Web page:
Rattle & Hum was supposed to be the “U2 Discovers America” album and movie, following their official breakthrough into superstardom. The Joshua Tree, Rattle’s predecessor, sold millions, beat Michael Jackson & Prince (undeservedly) for Album Of The Year at the Grammys, and spun off two #1 pop hits. Sure, there was a little bit of hubris on U2′s part when this record was released (and come on, this is Bono we’re talking about), but I also remember some unnecessary critical slagging of the record as well.
I’ve still never seen the movie. And I’m okay with that.
At any rate, “Desire”’s a blues/rock gem, complete with multiple harmonica solos, a chugging guitar lick, and some of Bono’s most impassioned (and sexy) vocals. It’s also a refreshing blast of brevity just when it seemed like U2′s sound was about to get super-epic. It’s quick, dirty, makes its point in less than three minutes and leaves. Plus, that opening blast of guitar, followed by Bono mumbling “yeah”? Chills, even after thirty years.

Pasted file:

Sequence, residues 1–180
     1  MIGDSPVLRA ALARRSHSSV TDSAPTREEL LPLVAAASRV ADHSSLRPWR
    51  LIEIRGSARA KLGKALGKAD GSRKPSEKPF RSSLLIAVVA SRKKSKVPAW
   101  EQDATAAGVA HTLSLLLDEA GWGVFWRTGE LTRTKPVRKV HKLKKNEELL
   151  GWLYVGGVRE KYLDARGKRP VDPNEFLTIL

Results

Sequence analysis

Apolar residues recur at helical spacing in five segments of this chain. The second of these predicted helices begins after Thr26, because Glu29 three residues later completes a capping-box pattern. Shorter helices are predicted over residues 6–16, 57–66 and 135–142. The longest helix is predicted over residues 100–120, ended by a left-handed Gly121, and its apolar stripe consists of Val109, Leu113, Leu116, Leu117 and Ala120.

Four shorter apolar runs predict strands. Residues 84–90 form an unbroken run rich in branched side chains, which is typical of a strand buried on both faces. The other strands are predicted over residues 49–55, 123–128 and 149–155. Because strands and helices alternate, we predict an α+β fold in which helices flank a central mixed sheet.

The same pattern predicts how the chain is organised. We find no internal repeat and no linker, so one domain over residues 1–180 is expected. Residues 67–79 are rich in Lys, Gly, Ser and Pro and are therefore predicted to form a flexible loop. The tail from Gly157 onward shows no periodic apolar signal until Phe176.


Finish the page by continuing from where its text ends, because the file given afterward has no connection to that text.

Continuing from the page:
NOT QUITE FIVE STARS…
“Deep Cover” by Dr. Dre Introducing Snoop Doggy Dogg (1991): Best producer in hip-hop history? Dre’s name is definitely up there (other names I would submit: The Bomb Squad, Organized Noize, Just Blaze, DJ Quik, Marley Marl, DJ Muggs, Q-Tip, Large Professor, and of course Pete Rock.) The “Deep Cover” beat is one of his best. It just bangs. And it manages to be menacing even as an instrumental. You don’t need that catchy-as-hell chorus to get stuck in your head to appreciate the song. You don’t need the Dre/Snoop tag team (a combo platter that went on to define The Chronic). Hell, you don’t even need Snoop when he was just trying to rhyme his skinny ass off and not be a multi-media personality (seriously- everything the man has recorded for the last 20 years has been AutoPilot.)
You don’t need those things, but if you’ve got ‘em, why not keep ‘em?